An Oregon gynecologist is developing a nonsurgical method of permanent contraception with a $5 million grant from the Bill and Melinda Gates Foundation.
The foundation claims the grant, awarded late last year, will be used to assist women who have reached their desired family size and no longer wish to have children. But critics argue the Gates-funded project is a continuation of the foundation’s unbalanced focus on contraception and sterilization in the developing world.
Photo by Kjetil Ree
Bill and Melinda Gates
The grant is the third from the Gates Foundation to the Oregon Health & Science University. The first, for $1 million, was used to assess whether a foam used to treat varicose veins might also double as a permanent contraceptive. The second, for $295,000, was used to establish the Oregon Permanent Contraception Research Center (OPERM).
OPERM, led by gynecologist Jeffrey Jensen, is using the latest grant to solicit research proposals for studies into effective methods of permanent contraception that are nonsurgical, low cost, portable, acceptable for use by non-physicians, and effective with a single treatment, according to the OPERM funding appeal. Research proposals are due May 30.
“My goal is very simple, to make every pregnancy planned and highly desired,” Jensen said. Jensen cites a World Health Organization (WHO) statistic claiming 222 million women in developing nations would like to stop or delay childbearing but are not using any form of contraception.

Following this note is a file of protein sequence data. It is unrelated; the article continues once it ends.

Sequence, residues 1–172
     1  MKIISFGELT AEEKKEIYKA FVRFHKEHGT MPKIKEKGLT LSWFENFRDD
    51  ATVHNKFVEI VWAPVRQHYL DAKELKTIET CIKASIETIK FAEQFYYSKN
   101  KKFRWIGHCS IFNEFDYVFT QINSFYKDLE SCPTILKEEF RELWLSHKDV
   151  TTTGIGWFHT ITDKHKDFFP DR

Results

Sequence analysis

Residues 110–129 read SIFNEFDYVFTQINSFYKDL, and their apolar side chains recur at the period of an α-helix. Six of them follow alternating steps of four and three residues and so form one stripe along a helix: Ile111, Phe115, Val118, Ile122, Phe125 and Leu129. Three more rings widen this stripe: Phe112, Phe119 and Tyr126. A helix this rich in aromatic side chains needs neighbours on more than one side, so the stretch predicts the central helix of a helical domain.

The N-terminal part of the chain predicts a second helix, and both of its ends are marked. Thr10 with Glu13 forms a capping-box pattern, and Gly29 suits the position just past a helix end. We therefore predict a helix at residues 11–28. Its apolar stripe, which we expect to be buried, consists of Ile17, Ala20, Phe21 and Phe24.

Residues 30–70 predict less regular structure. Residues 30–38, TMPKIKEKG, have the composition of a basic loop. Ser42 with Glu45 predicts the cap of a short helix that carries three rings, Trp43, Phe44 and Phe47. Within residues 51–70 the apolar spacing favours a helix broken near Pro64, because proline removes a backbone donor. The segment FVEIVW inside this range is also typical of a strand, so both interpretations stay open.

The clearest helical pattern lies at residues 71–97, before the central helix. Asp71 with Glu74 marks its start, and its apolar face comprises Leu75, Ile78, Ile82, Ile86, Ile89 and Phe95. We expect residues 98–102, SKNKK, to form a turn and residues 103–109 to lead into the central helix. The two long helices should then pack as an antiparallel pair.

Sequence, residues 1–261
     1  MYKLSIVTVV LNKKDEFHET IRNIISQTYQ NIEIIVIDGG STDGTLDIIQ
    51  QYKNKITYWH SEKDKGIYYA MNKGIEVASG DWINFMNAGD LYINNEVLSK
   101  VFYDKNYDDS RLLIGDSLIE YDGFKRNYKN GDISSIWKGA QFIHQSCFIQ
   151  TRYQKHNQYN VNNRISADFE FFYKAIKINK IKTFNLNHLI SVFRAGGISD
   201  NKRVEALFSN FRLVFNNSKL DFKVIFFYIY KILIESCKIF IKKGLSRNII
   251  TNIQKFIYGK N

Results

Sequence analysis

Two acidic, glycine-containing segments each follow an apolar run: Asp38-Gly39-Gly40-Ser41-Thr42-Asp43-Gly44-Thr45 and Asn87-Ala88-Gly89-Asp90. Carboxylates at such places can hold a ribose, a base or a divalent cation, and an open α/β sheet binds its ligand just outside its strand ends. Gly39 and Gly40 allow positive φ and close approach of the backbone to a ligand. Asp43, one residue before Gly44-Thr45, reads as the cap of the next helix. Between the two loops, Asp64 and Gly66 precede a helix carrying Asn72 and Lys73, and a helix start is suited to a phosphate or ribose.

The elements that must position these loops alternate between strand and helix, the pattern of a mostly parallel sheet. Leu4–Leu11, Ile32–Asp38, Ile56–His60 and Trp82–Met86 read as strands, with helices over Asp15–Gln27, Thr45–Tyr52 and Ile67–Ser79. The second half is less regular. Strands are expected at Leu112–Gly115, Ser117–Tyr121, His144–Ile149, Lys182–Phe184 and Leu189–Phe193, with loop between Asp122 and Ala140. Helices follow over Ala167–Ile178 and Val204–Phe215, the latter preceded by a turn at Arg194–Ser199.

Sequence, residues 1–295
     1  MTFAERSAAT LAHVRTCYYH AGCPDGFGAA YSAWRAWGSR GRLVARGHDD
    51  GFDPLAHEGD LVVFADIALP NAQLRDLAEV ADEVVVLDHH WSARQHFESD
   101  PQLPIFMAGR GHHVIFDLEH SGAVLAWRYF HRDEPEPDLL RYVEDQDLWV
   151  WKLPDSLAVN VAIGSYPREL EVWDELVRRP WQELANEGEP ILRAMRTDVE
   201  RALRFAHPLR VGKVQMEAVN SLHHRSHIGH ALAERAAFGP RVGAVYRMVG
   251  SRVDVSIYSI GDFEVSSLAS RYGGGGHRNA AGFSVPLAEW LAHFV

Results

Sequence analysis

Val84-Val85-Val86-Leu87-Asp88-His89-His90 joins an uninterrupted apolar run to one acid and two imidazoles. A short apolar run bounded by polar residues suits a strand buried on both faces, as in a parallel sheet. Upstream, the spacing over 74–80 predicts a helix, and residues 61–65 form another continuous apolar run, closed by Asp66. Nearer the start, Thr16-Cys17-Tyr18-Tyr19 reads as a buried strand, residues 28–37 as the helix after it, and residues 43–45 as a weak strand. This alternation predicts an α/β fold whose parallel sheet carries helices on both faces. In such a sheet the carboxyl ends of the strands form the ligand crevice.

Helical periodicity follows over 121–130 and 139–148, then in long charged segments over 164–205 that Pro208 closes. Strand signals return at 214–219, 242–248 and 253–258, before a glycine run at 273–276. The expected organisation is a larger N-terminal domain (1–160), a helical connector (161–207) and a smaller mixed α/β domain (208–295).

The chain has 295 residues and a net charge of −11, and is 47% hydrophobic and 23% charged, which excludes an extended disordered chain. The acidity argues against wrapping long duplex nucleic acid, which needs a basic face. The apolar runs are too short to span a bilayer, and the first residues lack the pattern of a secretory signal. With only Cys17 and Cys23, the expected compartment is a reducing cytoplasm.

But Stephen Phelan of Human Life International disputes the WHO numbers, saying he has not seen the data to back them up.
“There is no justice in manufacturing a supposed demand for poor women to be sterilized, when what these women always say they want most when asked is better basic healthcare, education, opportunity and just governance,” Phelan said. He argues the portrait painted by Gates and other contraception-pushing foundations misrepresents women in developing countries.
The Gates Foundation has championed contraception access for women in the developing world as “one of the best investments a country can make in its future.”
But Phelan argues the Gates’ vision for “development” by furthering contraceptive access misses the mark.
“It is difficult to determine what is more outrageous, the uncritical and fawning ‘news’ reporting on every new Gates Foundation sterilization development grant, even as coercive sterilization campaigns continue around the world, or the fact that the Gates Foundation continues to act as if every problem in the developing world can be solved by sterilizing women,” Phelan said.
Jensen’s team is testing the FDA-approved varicose veins treatment, a polidocanol foam, which showed promise in initial studies on monkeys and baboons. Jensen hopes soon to move on to human clinical trials.
(EDITOR’S NOTE – Kiley Crossland writes for WORLD News Service, a division of WORLD Magazine worldmag.com based in Asheville, N.C.)